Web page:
Of the 284 patients with complete reference standards, 78, 73, 44 and 6 (2.1%) patients had one or more lesions ≥6 mm of any histology, adenoma or colorectal cancer, advanced neoplasia (either advanced adenoma or colorectal cancer), and colorectal cancer, respectively, in the colon proximal to stenosing colorectal cancer. Six patients, who did not have proximal synchronous cancers, were found to have synchronous cancers distal to the stenosing cancer resulting in an overall 4.2% (12/284) rate of synchronous cancers in the study population.
A total of 152 colonic lesions ≥6 mm were identified in the proximal colon at the reference standards, including 108 sessile, 30 pedunculated, 12 flat and 2 mass (>3 cm) lesions (table 1). A total of 175 lesions ≤5 mm were also present in the proximal colon but were excluded from further analysis. All the lesions ≤5 mm were either non-neoplastic lesions or non-advanced adenomas (table 1). There were a total of eight synchronous colorectal cancers in the proximal colon, all confirmed to be adenocarcinomas by surgical resection: a 19-mm and a 22-mm mucosal cancer, both with tumour invasion into the mucosal lamina propria; an 8-mm and a 15-mm cancer with submucosal tumour invasion deep to 500 μm and 3175 μm from the muscularis mucosa, respectively; a 27-mm, a 34-mm and a 52-mm T3 cancer; and a 28-mm T4 cancer. Five of the eight cancers were outside the extent of low anterior or anterior resections for stenosing cancer, whereas three were within the extent of right hemicolectomy for stenosing cancer.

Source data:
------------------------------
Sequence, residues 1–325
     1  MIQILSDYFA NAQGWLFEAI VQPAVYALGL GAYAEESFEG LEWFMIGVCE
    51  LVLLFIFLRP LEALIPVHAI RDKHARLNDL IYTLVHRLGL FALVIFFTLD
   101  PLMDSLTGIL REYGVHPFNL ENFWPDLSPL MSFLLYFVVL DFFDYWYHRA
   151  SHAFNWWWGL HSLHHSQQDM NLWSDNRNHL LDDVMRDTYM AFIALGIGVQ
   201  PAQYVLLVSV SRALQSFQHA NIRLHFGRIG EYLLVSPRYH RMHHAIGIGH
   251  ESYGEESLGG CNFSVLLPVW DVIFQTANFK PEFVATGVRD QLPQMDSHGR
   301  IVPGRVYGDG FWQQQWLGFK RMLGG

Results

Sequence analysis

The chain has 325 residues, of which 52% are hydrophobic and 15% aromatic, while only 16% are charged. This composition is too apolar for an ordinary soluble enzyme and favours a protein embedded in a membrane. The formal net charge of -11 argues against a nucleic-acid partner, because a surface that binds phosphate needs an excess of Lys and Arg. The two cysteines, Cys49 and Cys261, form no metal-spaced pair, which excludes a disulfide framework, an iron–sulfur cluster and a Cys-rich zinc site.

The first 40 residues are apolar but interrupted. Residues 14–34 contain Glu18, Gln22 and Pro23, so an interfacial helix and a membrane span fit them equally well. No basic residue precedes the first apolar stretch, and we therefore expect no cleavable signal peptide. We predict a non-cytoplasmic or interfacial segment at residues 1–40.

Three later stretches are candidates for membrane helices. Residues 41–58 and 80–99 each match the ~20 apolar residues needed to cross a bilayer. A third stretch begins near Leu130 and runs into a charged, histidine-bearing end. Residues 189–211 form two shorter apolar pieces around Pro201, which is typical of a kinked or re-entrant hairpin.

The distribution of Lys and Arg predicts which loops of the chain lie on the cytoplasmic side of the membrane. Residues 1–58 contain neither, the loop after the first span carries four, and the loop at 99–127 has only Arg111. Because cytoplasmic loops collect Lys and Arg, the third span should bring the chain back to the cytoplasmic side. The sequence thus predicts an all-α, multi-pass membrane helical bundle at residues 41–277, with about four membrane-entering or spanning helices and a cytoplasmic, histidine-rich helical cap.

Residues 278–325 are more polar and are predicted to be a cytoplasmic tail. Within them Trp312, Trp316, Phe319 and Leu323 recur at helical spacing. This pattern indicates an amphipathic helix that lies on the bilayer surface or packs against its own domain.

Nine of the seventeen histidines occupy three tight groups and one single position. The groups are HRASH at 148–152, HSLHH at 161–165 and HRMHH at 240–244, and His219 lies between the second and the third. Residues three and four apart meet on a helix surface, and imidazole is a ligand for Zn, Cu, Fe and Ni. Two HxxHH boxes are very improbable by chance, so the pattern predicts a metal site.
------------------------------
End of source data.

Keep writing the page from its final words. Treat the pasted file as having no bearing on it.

CTC performance for diagnosing synchronous lesions in the proximal colon
Of the 284 patients with complete reference standards, 90 and 194 (68.3%) patients had positive (presence of lesion ≥6 mm in the proximal colon on CTC) and negative (absence of lesion ≥6 mm in the proximal colon on CTC) findings on CTC, respectively. The per-patient CTC sensitivity for detecting patients with colorectal cancer and advanced neoplasia in the proximal colon was 100% (6/6 patients) and 88.6% (39/44 patients), respectively. The corresponding per-patient NPV was high, 100% (194/194 patients) for colorectal cancers and 97.4% (189/194) for advanced neoplasia.